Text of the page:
In May 1838, the U.S. Army deployed to enforce the Treaty of New Echota. General Winfield Scott, along with fellow U.S. Army Soldiers, were dispatched to Alabama, Georgia, North Carolina, and Tennessee. Their mission was to relocate the Cherokee to embarkation centers and oversee the journey to Oklahoma. The forced removal of the Cherokee was one of many conducted by the U.S. Army and was a consequence of the Indian Removal Act. These removals in the southeastern U.S. became known as the Trail of Tears.
Examine how Soldiers fulfilled their obligation to carry out the terms of the Treaty of New Echota. We will also identify how the implementation of the Indian Removal Act impacted both Soldiers and Native tribes. Finally, you will better understand how the effects of this policy can still be felt today.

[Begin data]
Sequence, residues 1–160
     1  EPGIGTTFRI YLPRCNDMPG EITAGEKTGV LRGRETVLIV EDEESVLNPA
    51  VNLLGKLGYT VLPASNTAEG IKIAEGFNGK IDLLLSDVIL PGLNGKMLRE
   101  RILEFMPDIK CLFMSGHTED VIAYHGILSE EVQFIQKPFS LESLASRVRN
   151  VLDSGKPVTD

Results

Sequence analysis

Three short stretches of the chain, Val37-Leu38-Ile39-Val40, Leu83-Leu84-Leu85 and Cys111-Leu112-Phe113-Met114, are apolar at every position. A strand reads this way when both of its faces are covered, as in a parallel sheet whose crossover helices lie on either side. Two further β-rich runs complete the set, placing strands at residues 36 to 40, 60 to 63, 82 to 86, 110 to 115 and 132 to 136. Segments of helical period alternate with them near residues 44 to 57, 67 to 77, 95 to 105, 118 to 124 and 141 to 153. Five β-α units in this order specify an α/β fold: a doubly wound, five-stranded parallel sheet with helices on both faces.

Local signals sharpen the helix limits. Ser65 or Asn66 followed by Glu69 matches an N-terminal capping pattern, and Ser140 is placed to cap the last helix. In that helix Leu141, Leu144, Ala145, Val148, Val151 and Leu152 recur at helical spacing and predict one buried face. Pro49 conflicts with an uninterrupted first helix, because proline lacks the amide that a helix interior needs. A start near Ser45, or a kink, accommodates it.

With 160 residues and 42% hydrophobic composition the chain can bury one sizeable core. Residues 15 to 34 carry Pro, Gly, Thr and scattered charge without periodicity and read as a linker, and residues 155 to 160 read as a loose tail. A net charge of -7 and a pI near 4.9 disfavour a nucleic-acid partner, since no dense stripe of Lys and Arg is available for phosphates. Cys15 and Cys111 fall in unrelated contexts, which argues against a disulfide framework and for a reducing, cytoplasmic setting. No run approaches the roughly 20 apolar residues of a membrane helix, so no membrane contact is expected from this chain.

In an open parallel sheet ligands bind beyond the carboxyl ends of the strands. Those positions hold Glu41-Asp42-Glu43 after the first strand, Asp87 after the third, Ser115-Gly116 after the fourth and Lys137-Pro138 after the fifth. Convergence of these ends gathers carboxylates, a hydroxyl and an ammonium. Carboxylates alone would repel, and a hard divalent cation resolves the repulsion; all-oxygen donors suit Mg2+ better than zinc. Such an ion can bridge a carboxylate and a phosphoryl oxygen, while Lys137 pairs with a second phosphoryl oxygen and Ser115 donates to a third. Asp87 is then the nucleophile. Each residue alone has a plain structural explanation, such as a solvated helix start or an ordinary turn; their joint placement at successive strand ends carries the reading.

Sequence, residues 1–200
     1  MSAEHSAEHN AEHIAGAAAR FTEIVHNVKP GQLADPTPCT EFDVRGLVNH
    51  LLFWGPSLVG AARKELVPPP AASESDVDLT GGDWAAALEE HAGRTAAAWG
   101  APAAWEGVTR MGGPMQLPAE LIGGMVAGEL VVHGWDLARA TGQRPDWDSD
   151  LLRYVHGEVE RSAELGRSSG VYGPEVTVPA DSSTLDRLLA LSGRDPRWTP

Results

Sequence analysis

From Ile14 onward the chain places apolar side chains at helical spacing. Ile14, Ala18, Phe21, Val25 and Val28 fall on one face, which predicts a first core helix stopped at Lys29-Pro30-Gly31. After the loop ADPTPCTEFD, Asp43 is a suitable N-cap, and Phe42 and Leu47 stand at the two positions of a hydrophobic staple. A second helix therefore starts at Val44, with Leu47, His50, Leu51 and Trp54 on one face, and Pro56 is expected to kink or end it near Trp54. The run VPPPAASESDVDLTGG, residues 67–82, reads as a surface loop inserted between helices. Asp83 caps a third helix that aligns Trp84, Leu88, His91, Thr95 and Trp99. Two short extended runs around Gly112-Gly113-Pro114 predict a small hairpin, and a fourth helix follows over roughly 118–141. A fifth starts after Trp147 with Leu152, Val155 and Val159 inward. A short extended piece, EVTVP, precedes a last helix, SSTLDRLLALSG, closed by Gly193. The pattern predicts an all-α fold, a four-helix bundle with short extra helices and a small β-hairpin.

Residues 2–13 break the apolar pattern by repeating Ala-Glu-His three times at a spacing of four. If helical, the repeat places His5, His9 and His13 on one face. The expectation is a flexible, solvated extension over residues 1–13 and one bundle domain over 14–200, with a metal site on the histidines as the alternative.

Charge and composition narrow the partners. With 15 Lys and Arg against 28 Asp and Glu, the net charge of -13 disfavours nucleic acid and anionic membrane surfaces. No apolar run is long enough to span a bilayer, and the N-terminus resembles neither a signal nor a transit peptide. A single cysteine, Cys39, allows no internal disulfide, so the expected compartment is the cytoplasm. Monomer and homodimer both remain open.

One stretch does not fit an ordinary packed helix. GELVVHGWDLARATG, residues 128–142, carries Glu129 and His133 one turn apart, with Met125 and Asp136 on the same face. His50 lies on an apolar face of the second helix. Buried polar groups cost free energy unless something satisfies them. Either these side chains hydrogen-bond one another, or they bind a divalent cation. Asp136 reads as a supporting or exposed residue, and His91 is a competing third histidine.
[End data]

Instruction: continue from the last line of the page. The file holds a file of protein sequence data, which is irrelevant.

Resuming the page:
The U.S. Army has its own culture based on the Army values, esprit de corps and the mission. While each Soldier’s experience is unique to their service, culture binds them together. During the Vietnam War, Soldier culture was formed by the clothing Soldiers wore, the food they ate, the entertainment they consumed and their shared experiences.
Through an examination of artifacts, film, and primary sources, gain additional insight into the commitments and sacrifices of Vietnam-era Soldiers and explore how these items contributed to a Soldier culture unique to this conflict.